She was investigated further and found to be reactive for antibodies against HIV-1. CD 4 count was 321 cells/ µL of blood and CD 4 percentage of the total lymphocytes was 15%. She was non-reactive for VDRL, TPHA was negative. The patient was continued on ATT for another two months and advised repeat AAFB examinations, which were negative, thereafter. Culture of menstrual blood was advised and found to be negative for Mycobacterium tuberculosis. The patient was subsequently referred to the ART centre in our hospital with advice for CD 3 / CD 4 counts every six months.

 ~ Discussion Top

Genital tuberculosis represents 15-20% of extra pulmonary tuberculosis. [2] In 80-90% cases, FGTB affects women between 18-38 years of age with menstrual irregularities accounting for nearly 27% of manifestations of FGTB. [3] M. tuberculosis accounts for 90-95% of cases of genital TB, others being caused by M. bovis mainly. [4]

In developing countries like India, the diagnosis and follow-up of pulmonary tuberculosis is often based on repeat sputum smear examinations, wherein a reduction in the number of bacilli is an effective indicator of response to therapy and compliance, and reappearance of bacilli soon after conversion is a sign of failure. Since no follow up studies are available for genital tuberculosis; repeat menstrual smear examinations were done, and treatment extended for two months, when reappearance of bacilli was observed.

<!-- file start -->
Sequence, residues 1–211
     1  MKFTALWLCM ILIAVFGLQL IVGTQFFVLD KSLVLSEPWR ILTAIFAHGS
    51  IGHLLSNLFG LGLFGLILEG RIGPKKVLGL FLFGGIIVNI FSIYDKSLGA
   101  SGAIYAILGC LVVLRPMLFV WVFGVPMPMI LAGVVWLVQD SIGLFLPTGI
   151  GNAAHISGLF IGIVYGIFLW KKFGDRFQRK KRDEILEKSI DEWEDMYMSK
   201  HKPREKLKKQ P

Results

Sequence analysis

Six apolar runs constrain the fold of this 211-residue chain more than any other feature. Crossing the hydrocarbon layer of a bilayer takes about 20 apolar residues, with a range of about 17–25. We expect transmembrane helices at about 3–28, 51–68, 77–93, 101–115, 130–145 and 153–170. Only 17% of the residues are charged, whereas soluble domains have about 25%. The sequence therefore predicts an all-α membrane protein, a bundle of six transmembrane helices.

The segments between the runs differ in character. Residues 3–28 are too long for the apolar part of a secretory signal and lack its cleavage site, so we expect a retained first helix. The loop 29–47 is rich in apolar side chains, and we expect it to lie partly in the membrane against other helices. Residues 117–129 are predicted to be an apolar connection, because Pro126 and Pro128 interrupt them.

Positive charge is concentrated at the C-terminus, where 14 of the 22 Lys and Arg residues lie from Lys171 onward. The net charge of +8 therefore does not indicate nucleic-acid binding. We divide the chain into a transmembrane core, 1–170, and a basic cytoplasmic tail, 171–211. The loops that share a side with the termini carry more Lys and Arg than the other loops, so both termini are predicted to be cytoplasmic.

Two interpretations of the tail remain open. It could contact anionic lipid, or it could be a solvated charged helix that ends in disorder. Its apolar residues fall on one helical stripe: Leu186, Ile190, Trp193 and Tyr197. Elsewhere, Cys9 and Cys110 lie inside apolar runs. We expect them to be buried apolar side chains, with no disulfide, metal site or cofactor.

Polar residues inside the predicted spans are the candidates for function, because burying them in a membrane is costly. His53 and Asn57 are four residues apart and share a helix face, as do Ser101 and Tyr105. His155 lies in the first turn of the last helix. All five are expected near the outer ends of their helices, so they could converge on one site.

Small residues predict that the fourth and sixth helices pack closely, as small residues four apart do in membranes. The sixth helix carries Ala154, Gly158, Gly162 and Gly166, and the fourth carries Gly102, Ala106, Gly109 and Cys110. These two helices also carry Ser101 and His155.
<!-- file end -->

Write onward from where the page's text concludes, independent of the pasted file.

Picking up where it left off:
The usual presentation of FGTB changes with HIV co-infection. Mycobacterium tuberculosis elicits production of pro-inflammatory cytokines like TNF á, which up-regulates intra-cellular retroviral replication.[5] HIV specifically infects CD 4 cells, resulting in their depletion and dysfunction. Macrophage function is also abnormal because of direct infection, coupled with lack of macrophage activation factors produced by CD4, [6] thus facilitating rapid progression of tuberculosis. This may explain the presence of AAFB in such numbers to be easily appreciated on microscopy.

The incidence of tuberculosis in countries with high HIV prevalence has increased five-fold. [7] According to a current estimate, nearly 5.1 million persons in India are infected with HIV and approximately 60% of these individuals are also infected with tuberculosis. [8] Also, 5.2% of TB patients between 15-49 years of age are HIV positive. [9] Considering this increase in the number of patients co-infected, testing for HIV is recommended for all patients with tuberculosis. [6]